Just do it. Built Ford tough. I’m lovin’ it. Save money, live better. Are you in good hands?
All of these advertising slogans are so recognizable that when you read them, you immediately think of the brand they’re associated with; Nike, Ford, McDonald’s, Walmart, and Allstate Insurance.
There’s a reason why companies go to such incredible lengths to trademark their mottos (which are usually no more than five words long). Why? Because those mottos are just as much a part of the company’s selling appeal as are the logos and the actual content of the company itself.
Whether the business is small, big, or in-between, if they don’t have a motto, then they’re not really in business. A motto (or slogan, catchphrase, adage, maxim, sentiment, etc.) doesn’t tell people exactly the company does. Look at the above examples as a perfect reference. But what a motto does tell people is what the company can deliver: Nike gives you motivation to “just do it,” McDonald’s guarantees that no matter what you order, you’ll love it, and Allstate asks one of advertising history’s biggest rhetorical questions.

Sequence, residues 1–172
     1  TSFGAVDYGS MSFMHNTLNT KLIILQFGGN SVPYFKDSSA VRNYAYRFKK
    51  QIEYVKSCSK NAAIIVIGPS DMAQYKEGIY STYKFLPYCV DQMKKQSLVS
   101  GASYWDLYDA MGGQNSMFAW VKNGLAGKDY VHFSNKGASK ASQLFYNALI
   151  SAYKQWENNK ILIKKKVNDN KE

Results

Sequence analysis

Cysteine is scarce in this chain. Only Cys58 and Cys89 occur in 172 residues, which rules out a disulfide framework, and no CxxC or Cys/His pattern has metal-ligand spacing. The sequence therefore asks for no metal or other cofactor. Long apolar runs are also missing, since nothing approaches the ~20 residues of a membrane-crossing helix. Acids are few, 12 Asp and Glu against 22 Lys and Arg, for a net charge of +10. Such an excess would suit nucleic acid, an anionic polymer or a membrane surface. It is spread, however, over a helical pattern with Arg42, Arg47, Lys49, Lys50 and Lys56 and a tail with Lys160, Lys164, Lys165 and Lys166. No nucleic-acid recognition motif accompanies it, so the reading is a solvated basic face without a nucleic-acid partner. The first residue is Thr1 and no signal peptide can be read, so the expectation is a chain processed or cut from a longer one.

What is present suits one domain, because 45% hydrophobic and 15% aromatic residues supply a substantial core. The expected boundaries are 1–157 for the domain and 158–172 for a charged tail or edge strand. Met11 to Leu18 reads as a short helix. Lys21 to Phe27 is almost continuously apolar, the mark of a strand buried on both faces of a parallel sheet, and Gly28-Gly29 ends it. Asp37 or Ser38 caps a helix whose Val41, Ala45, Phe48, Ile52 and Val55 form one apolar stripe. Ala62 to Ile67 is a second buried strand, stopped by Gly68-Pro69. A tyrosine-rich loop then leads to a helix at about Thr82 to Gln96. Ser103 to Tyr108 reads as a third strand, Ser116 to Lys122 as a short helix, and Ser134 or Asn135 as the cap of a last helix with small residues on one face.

What goes into making the perfect motto for a business/project? The perfect word play. Whether incorporating clever rhymes, blunt statements, powerful commands, wise adages, or the age-old rhetorical question, it all means nothing if the proper word play isn’t used.
Imagine if all of history’s famous figures were terrible orators. Or if your favorite celebrity couldn’t string a decent sentence together while making their acceptance speech. Or if this blog post were dreadfully boring and mundane. You wouldn’t be interested in anything they have to say, and you definitely wouldn’t be interested in their campaign, their movie, or the relevance of this post to your growing business.
Word play can make the difference between watching your business grow or watching it go under. Word play can be the difference between a successful political ad and one that tanks. Word play can make a movie a box office success, a book into a New York Times best-seller, a Twitter page gain more followers, a non-profit organization accumulate more investors, and can even turn a failing ad campaign completely around.
The power of words and the message they convey shouldn’t just be delegated to English classrooms. That power should be used to convey a message about what your business can deliver and about what it can offer to potential (satisfied) customers.
That’s what word play is. Use it wisely and it will do you no harm.